The Secret Art of Losing Friends: Case Studies
The Popularity Contest
My eyes adjusted to the darkness in Amy’s living room. We lay on the pullout couch, skinny junior high legs stuck out of the blankets to cool off. I hadn’t spent the night at her house before, and we had plenty of secrets to share. I could barely hear her, but I greedily consumed every detail she spilled. I wanted to tell her everything, all the secrets I’d never shared because I’d moved around so much that I’d never had a best friend.
The next week, I found my new army of popular girlfriends out in the field at lunch. I was greeted by silence. When they moved as one to show their backs to me, I ran to the school and cried in the furthest corner of the brick building. None of them ever spoke to me again. Except Amy, who once whispered an apology when no one else was around.
How-To: During secret-telling, do not tell her about the book under your bed. Tell her instead about the dreams where you kiss a girl.
We’d been friends for more than half our lives. We married brothers. We went back to college at the same time. We told each other everything.
Last August was the first in six years that we did not spend a weekend alone in the mountains. We didn’t even acknowledge the absence, especially given that our text messages and occasional in-person run-ins had taken on a foreign formality. Once I realized we had missed the weekend, I felt both relief and sadness. I grieved for the respite of drunken afternoons and feet stuck into buckets of river water. I grieved for nights that stretched minutes into hours, abandoned games of Trivial Pursuit, hushed midnight whispers that tangled with campfire smoke and drifted up to rest at the tips of the towering pine trees.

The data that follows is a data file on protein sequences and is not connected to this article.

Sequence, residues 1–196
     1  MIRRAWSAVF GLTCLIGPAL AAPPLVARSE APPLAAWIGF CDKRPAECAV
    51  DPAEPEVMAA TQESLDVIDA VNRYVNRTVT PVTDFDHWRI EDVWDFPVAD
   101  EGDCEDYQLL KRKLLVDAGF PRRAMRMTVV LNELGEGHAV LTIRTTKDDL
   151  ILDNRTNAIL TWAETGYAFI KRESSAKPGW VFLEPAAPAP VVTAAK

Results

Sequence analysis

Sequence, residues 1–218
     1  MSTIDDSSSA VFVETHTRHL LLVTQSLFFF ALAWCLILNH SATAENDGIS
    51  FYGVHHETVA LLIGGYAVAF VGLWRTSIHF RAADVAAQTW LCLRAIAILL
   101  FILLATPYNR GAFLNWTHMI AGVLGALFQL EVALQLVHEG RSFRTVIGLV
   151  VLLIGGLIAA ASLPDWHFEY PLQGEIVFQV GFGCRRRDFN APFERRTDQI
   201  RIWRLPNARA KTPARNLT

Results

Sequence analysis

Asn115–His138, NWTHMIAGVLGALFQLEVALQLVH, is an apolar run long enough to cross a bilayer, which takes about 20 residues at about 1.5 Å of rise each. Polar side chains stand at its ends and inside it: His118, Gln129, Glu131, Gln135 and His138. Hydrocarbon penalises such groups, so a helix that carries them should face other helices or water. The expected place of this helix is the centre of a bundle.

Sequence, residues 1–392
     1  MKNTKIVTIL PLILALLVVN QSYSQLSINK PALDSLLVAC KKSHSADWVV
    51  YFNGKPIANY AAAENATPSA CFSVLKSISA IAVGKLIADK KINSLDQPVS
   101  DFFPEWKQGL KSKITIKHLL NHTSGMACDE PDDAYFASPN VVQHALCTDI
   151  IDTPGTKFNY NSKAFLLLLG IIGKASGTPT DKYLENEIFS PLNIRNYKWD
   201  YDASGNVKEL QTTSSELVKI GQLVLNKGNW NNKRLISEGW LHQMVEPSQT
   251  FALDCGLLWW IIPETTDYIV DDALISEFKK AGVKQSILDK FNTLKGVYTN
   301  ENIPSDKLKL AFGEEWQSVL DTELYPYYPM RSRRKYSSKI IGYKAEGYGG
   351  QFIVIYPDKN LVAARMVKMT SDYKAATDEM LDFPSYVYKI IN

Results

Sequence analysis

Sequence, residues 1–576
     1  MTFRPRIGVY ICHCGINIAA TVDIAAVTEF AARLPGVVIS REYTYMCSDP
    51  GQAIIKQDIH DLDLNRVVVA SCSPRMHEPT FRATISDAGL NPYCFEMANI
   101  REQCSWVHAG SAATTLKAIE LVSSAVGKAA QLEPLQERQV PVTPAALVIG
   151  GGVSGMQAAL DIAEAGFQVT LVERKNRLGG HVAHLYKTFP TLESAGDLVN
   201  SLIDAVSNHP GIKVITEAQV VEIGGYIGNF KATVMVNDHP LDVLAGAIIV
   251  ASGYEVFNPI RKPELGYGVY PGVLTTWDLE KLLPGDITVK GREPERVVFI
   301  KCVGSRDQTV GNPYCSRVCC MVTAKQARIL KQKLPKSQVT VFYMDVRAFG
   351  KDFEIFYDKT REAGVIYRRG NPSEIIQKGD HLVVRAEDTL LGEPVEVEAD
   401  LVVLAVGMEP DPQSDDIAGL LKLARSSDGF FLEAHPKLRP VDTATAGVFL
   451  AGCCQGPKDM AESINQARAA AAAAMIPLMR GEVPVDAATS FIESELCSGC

Gradually, we became mute. I no longer know her, nor does she know me, nor do we know how to function when we are corralled into the same room. Now I see her and she has the same eyes, the same ears, the same mouth I know, but she is shrouded and unreachable. Or maybe that’s me.
How-To: Take one part mental illness, subtract one version of self, divide by college degrees in opposing fields, subtract text messages and phone calls, multiply by confusion.
I remember him in winter. Relentless fog, geese screaming in my dreams and following me around in wakefulness. Sometimes, when the sun would escape the inversion, we would walk. Every word we spoke was immense. I wrote manically, sent it all to him, please read this. Tell me what you think.
Once, when I remarked that he seemed especially knowledgeable about the trajectory of harpoons, he told me about a recurring dream involving his father. It opened up a chasm, filled with conversations decorated by our pain. We discovered things in the depths of ourselves that seemed to explain everything.
Now our friendship is a ghost that hangs in certain hallways and near particular trees. The ghost is a secret I don’t have language to tell. For more than half a year we whispered and encouraged each other to live lives that we couldn’t make sense of. I don’t remember the harpoon dream, I only know that, for a long time, I couldn’t think of harpoons, or see peculiar shades of blue, or walk down certain hallways without feeling a cavern in my stomach and a breathless sense of not existing.
How-To: Tell him, I’m too much. Tell him that often. Instill fear with the sexuality you don’t intend. Confuse boundaries. Say too much. They all run away, eventually.
About the Author: Emery Ross is a writer and graduate student living in Boise, Idaho. Her work is forthcoming in Breath & Shadow and Jersey Devil Press.